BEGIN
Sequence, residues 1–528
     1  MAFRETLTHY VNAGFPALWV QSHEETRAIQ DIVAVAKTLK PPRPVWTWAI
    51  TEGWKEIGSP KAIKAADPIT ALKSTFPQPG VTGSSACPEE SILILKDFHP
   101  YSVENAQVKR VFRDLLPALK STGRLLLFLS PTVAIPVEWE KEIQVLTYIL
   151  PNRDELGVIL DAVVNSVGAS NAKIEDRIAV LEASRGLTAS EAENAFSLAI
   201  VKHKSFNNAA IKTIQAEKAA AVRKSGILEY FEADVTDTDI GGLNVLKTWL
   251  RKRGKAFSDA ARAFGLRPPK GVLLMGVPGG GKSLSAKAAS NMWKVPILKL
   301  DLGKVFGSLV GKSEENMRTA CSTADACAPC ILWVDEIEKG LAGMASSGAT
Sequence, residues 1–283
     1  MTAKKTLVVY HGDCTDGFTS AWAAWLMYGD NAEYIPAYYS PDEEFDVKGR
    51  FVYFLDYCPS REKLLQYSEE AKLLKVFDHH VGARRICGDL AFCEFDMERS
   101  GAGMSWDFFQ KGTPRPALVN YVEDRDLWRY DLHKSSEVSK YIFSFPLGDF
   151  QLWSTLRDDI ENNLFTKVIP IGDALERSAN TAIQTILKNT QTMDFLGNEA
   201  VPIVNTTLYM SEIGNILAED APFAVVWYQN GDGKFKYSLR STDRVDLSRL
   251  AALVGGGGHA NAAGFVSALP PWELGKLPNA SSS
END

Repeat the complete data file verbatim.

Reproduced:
Sequence, residues 1–528
     1  MAFRETLTHY VNAGFPALWV QSHEETRAIQ DIVAVAKTLK PPRPVWTWAI
    51  TEGWKEIGSP KAIKAADPIT ALKSTFPQPG VTGSSACPEE SILILKDFHP
   101  YSVENAQVKR VFRDLLPALK STGRLLLFLS PTVAIPVEWE KEIQVLTYIL
   151  PNRDELGVIL DAVVNSVGAS NAKIEDRIAV LEASRGLTAS EAENAFSLAI
   201  VKHKSFNNAA IKTIQAEKAA AVRKSGILEY FEADVTDTDI GGLNVLKTWL
   251  RKRGKAFSDA ARAFGLRPPK GVLLMGVPGG GKSLSAKAAS NMWKVPILKL
   301  DLGKVFGSLV GKSEENMRTA CSTADACAPC ILWVDEIEKG LAGMASSGAT
Sequence, residues 1–283
     1  MTAKKTLVVY HGDCTDGFTS AWAAWLMYGD NAEYIPAYYS PDEEFDVKGR
    51  FVYFLDYCPS REKLLQYSEE AKLLKVFDHH VGARRICGDL AFCEFDMERS
   101  GAGMSWDFFQ KGTPRPALVN YVEDRDLWRY DLHKSSEVSK YIFSFPLGDF
   151  QLWSTLRDDI ENNLFTKVIP IGDALERSAN TAIQTILKNT QTMDFLGNEA
   201  VPIVNTTLYM SEIGNILAED APFAVVWYQN GDGKFKYSLR STDRVDLSRL
   251  AALVGGGGHA NAAGFVSALP PWELGKLPNA SSS